JOHN: No, but that’s an interesting and provocative question. I have the idea that somebody put you up to asking that question or somebody may have asked you that question, but no - and I’ll tell you, when you study the creation account, it doesn’t say that God stopped doing everything. It says, “On the seventh day, God ended His work which He had done, and He rested on the seventh day from all His work which He had done.” That simply means He rested because the creation was over. He rested from the specific work of creating the universe.

He continues, as Hebrews 1 tells us, to uphold all things by the Word of his power. Had God actually stopped doing everything, the whole thing would have disintegrated completely. He has to uphold what He created. So what it’s saying there is simply that the work of creation was finished in six days, and you could even translate it, “God ceased from his work” because the work was done. And that’s all that that intends to say.

In fact, God didn’t even establish there some kind of ceremonial seventh day. It was not that He said to Adam, “Now you need to rest.” He didn’t, sort of, launch that idea there. He just stopped working because the work was done. And it was that singular work of creation, okay?

QUESTIONER: I thought, actually, you had taught that God has to uphold the world now because it’s fallen. I was thinking that before, it was perfect and so He didn’t have to uphold it.

JOHN: No - I don’t know how I said it at the time, but God the Creator is also God the Sustainer. He has to sustain by His power everything that exists. I mean there were atoms in the world at that time. There were protons and neutrons and molecules and there was energy and there was the matrix of time, force, action, space, and matter, the mixed matrix of verse one, which is the composite of everything that exists. And the God who spoke that all into existence also spoke it into perpetuity.

It isn’t to indicate that it all was self-perpetuating. Nothing can continue to exist apart from God, but whatever measure of tranquility God knew after the original creation was shattered by the fall, but certainly God was required to sustain everything all the time. It became - I guess when you introduce into it the second law of thermodynamics, chaos, disorder, the curse, and the fall, that upholding takes on a different dimension because now it becomes a battle against the tendencies that are there that weren’t there originally. So maybe the nature of that work is escalated, but it is still God the Creator who sustained the universe by the power that He alone has that causes all physical processes before the fall to continue to operate. Okay? Good.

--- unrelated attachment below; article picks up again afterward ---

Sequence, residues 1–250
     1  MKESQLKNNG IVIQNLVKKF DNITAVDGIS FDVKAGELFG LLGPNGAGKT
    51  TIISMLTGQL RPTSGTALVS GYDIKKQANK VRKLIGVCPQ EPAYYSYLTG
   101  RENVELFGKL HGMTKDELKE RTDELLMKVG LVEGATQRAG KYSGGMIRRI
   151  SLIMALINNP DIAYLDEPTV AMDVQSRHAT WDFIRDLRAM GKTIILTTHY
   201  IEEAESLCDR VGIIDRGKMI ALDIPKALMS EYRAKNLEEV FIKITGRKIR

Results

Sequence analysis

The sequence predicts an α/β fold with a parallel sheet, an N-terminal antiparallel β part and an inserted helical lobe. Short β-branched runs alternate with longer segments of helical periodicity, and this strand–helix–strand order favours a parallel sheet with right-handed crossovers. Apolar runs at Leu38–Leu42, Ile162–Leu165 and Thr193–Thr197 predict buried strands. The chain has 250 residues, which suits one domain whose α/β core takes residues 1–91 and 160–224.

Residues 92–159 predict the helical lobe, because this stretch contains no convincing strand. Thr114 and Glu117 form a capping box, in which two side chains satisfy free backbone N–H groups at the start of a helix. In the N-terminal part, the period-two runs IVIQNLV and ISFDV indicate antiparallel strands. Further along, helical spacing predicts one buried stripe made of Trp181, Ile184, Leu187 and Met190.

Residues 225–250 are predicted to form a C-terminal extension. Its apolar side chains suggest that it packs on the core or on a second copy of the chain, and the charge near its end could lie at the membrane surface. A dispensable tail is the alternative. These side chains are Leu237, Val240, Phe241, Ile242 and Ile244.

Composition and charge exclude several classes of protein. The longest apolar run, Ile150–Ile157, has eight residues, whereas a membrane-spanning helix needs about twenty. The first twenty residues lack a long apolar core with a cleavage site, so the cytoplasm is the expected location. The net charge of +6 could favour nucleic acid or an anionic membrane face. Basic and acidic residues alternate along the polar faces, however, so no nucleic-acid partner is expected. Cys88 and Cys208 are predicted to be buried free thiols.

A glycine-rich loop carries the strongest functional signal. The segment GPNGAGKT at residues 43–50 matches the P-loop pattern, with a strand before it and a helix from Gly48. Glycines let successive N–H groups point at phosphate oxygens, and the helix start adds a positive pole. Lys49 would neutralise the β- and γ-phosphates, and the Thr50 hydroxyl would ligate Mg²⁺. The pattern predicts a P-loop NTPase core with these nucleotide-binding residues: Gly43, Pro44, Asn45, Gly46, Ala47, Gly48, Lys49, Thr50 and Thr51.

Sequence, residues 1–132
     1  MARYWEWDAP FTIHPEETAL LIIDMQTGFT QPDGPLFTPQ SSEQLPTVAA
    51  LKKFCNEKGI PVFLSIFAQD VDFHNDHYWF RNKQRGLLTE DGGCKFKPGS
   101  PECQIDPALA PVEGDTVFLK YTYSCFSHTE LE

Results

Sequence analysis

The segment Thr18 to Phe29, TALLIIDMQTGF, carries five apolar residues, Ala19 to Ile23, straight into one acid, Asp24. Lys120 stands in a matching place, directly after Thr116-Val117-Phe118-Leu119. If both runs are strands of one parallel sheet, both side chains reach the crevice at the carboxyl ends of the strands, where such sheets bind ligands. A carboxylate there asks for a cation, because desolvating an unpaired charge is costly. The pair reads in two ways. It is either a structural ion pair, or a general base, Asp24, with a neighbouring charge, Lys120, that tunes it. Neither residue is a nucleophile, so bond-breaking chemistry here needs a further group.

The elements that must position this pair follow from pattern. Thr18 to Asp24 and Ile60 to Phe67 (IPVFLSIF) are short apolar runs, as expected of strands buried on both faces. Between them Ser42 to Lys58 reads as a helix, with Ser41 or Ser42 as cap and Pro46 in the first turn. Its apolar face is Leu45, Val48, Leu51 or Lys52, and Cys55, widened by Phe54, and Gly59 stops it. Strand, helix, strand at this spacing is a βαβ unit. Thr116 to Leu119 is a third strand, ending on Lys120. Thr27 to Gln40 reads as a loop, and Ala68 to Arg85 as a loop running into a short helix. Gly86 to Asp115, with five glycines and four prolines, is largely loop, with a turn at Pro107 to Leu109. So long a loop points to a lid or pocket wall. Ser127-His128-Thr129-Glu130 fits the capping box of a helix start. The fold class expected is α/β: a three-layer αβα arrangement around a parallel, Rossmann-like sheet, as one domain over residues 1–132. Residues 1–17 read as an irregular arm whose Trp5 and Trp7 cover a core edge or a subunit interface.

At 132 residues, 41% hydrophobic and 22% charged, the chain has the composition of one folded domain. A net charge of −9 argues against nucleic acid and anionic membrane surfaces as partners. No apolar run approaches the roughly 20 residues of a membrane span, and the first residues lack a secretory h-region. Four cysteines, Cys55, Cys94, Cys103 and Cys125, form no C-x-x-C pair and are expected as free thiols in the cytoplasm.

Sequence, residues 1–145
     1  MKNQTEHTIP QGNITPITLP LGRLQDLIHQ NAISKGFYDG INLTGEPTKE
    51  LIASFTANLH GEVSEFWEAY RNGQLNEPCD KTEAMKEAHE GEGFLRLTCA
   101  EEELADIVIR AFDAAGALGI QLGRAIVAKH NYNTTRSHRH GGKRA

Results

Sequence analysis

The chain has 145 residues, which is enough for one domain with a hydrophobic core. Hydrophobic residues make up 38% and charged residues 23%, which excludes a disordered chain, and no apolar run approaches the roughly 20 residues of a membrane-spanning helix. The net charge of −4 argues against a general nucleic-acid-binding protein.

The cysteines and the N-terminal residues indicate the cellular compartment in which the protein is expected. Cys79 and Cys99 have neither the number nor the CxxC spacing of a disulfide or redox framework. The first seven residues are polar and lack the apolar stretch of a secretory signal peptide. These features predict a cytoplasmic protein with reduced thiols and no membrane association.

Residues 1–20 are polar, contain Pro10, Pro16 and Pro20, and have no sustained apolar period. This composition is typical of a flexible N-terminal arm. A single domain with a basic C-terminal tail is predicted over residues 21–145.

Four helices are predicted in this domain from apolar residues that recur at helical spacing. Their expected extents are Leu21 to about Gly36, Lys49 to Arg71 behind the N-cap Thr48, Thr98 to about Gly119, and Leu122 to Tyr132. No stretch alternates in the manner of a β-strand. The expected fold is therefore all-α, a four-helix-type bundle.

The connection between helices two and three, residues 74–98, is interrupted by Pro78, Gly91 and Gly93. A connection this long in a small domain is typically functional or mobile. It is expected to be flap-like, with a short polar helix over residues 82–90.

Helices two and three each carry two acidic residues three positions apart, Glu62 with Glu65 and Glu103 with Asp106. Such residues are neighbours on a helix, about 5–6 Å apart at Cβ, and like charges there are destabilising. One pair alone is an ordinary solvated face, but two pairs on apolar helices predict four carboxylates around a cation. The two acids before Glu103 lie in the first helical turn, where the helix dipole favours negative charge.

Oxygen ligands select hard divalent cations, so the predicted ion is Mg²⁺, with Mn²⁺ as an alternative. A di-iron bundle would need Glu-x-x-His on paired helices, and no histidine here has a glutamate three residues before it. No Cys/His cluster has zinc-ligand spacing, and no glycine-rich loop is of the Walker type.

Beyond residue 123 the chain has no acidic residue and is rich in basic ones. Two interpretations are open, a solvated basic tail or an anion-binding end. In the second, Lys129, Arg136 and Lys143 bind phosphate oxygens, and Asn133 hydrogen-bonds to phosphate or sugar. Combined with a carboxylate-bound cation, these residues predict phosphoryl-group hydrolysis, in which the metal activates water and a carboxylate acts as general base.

QUESTIONER: Good evening, Pastor MacArthur, my name is Scott Bird, and I just wanted to preface my question by thanking you for the opportunity to open the pulpit. My text comes from James 5:16, and that simply reads: “Therefore, confess your sins to one another and pray for one another so that you may be healed. The effective prayer of a righteous man can accomplish much.”

My question is simply - I’ve often been confronted with the idea that in order to have authentic relationships among the brethren, that we need to confess our sins to each other. How far should we go in confessing our sins to each other? And what types of sin should we confess to one another?

JOHN: Well, that’s a very good question, and I think - I think we have to start with this, that the only one who can forgive our sins, the only one who - as we were sating this morning - who can make that true forgiveness, the one who is truly offended is God. But I think the intent here of James is that when you have sinned against your brother, I think you need to confess that sin. I don’t see here some kind of mandate to run around confessing all our sins to everybody.